An investigation into the use of infrared thermography as a tool to assess the physiological stress response in the horse

Yarnell, K., 2011. An investigation into the use of infrared thermography as a tool to assess the physiological stress response in the horse. PhD, Nottingham Trent University.

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Abstract

The experiments reported in this thesis investigated the use of temperature measurement using infrared thermography (IRT) as an objective, non-invasive method to identify the physiological stress response in the horse. The primary area of investigation was the eye area within the medial posterior palpebral border of the lower eyelid and the lacrimal caruncle as in existing work in other species. The application of these findings to horse management and welfare was discussed. Horses were exposed to potentially stressful situations that were acute (<20 seconds), short term (ten minutes) and long term or repetitive (one week) in duration. Temperature was measured using IRT in addition to measurement of salivary cortisol, faecal corticosterone and behavioural assessment, all of which are currently accepted measures of the stress response. IRT was shown to be an unsuitable method to assess acute stress in the horse due to the species specific behavioural response of flight. Rapid evasive movement of the horse meant that recording temperature using a thermal camera was difficult. A modified experimental design may have made it possible to capture the thermal response to acute stress however restraint of the horse would have been stressful in itself and confounded results.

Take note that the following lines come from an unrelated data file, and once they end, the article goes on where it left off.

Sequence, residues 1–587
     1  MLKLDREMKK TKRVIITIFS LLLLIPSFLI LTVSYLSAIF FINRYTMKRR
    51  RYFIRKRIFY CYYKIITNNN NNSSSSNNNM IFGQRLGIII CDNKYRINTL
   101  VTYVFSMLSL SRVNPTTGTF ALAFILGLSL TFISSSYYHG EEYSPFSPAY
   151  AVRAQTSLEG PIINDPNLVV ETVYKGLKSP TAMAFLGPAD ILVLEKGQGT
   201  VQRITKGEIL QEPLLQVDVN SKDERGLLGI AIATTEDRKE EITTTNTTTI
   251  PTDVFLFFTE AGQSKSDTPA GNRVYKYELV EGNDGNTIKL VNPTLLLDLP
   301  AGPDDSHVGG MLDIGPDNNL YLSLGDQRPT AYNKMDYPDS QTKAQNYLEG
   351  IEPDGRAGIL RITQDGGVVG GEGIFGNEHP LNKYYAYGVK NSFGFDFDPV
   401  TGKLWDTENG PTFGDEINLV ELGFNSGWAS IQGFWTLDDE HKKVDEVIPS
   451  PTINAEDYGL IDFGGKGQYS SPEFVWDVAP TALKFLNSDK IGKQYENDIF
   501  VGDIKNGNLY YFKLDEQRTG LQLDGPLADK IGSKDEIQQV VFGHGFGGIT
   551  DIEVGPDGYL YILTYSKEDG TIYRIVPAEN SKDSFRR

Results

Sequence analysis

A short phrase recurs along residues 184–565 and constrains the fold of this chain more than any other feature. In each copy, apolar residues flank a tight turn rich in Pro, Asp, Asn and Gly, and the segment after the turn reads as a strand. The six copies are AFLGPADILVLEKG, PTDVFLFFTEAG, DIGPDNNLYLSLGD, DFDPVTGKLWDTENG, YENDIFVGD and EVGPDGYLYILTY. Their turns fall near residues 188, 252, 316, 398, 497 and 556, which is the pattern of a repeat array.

Item Type: Thesis
Creators: Yarnell, K.
Date: 2011
Rights: This work is the intellectual property of Kelly Yarnell. You may copy up to 5% of this work for private study, or personal, non-commercial research. Any re-use of the information contained within this document should be fully referenced, quoting the author, title, university, degree level and pagination. Queries or requests for any other use, or if a more substantial copy is required, should be directed in the owner of the Intellectual Property Rights.
Divisions: Schools > School of Animal, Rural and Environmental Sciences
Depositing User: EPrints Services
Date Added: 09 Oct 2015 09:35
Last Modified: 09 Oct 2015 09:35
URI: http://irep.ntu.ac.uk/id/eprint/269

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